Though Blockworks has not confirmed the report, the Ethereum Foundation “received a voluntary enquiry from a state authority that included a requirement for confidentiality,” according to Ethereum web developer Pablo Pettinari.

Read more: Ethereum Foundation removes warrant canary after ‘voluntary enquiry from a state authority’

Mike Selig, partner at Willkie Farr & Gallagher, said in an X post that it’s “extremely common for crypto protocol foundations to receive voluntary requests for information from federal and state regulators.”

Still, the possible probe has renewed a question dating back years: Is ether a security or a commodity? This question would impact how the SEC approaches its ruling on ether ETFs, segment observers have noted.

While the CFTC has labeled ether as a commodity, Gensler has not historically given a clear answer when asked about ETH’s status.

In a 2018 speech, William Hinman, then-director of the SEC’s division of corporation finance, said “current offers and sales of Ether are not securities transactions.”

Read more: Former SEC Chair: A security today may not be a security tomorrow

In a series of posts on X, Coinbase Chief Legal Officer Paul Grewal said that the SEC “has no good reason” to reject the spot ether ETF applications.

“And we hope they won’t try to invent one by questioning the long established regulatory status of ETH, which the SEC has repeatedly endorsed. That’s not how the law works. And Americans deserve better.”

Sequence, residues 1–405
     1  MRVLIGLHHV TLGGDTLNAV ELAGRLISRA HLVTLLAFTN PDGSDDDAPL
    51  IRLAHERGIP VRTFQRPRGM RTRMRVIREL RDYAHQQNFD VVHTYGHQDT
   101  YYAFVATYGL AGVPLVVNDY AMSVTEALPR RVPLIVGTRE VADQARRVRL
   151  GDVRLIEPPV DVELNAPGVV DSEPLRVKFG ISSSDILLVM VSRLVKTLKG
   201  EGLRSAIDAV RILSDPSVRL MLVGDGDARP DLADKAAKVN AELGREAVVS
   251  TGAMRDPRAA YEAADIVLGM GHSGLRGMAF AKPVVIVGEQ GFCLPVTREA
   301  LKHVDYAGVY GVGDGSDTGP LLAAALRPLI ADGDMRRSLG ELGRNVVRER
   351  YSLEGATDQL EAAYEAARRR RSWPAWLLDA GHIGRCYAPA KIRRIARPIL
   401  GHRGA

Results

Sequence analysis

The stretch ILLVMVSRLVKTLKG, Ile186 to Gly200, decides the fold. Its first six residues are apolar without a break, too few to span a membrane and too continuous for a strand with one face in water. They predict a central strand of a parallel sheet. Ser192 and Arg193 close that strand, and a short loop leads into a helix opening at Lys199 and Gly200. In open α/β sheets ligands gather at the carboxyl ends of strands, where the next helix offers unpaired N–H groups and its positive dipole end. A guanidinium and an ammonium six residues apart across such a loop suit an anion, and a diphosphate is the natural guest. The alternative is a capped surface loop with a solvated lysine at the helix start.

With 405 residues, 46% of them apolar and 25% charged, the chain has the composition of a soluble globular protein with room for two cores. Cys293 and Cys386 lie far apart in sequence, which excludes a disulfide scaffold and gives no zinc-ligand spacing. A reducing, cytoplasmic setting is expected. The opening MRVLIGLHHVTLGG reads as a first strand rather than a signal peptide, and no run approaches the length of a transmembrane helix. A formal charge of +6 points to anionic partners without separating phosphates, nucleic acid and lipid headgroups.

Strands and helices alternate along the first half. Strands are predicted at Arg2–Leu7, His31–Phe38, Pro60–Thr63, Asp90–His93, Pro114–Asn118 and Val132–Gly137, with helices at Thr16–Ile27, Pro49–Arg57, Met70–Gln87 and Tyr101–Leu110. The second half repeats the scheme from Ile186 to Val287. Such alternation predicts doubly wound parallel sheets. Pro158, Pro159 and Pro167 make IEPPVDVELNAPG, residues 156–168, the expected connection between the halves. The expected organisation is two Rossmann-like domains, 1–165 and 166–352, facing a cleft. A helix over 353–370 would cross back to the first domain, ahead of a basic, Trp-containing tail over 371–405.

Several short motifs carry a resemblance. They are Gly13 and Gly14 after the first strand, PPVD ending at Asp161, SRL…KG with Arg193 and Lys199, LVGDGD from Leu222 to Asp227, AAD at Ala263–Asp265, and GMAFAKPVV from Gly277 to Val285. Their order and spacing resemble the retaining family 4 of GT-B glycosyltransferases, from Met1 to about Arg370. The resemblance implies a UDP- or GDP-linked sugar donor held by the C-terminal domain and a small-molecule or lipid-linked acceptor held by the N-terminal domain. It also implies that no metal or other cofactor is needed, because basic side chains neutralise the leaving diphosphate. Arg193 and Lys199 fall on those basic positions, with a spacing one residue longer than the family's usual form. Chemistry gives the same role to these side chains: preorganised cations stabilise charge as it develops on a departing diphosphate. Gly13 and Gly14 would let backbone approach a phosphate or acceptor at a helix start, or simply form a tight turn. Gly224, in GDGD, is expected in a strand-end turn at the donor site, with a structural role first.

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Brian Quitenz, global head of policy at a16z crypto and former Commissioner of the CFTC, said — also on X — that the SEC “explicitly acknowledged” ETH as being “a non-security and outside of its jurisdiction” when approving ether futures ETFs. 

“It will be interesting to watch what, if any, excuse the SEC uses if it were to delay or deny an ETH ETF given it has already informed the market on ETH being outside its jurisdiction,” he added. 

ETH ETFs may have to wait to stake holdings

Prospective spot ether ETFs have added language to their applications about staking the assets they hold. 

Staking ether is the process of depositing ETH to help secure the Ethereum blockchain — and earning yield on that ETH for doing so.

An amended proposal by Ark Invest and 21Shares last month, for example, notes that the sponsor “may, from time to time, stake a portion of the trust’s assets through one or more trusted staking providers.”

Read more: Ark 21Shares amends spot ether ETF proposal to include staking language

Fidelity and Grayscale added similar language to their proposals earlier this week.

Gemini Chief Operating Officer Marshall Beard said he thinks it could take another six to nine months before the SEC greenlights spot ether ETFs.  

And ether ETFs that stake assets are “not going to be version one,” he added.

Gemini, already a custodian for VanEck’s spot bitcoin ETF, is in discussions related to the proposed ETH funds.   

“There’s a lot of complications to work through on the regulatory side and on the operations and technical side,” Beard told Blockworks.

ETF.com senior analyst Sumit Roy agreed it’s hard to imagine the SEC allowing potential ether ETFs to stake their holdings.    

He added: “Staking is a feature that makes ether and other proof-of-stake cryptocurrencies more like securities, which the SEC won’t look favorably upon.”

Updated March 21, 2024 at 3:42 pm ET: Modified headline.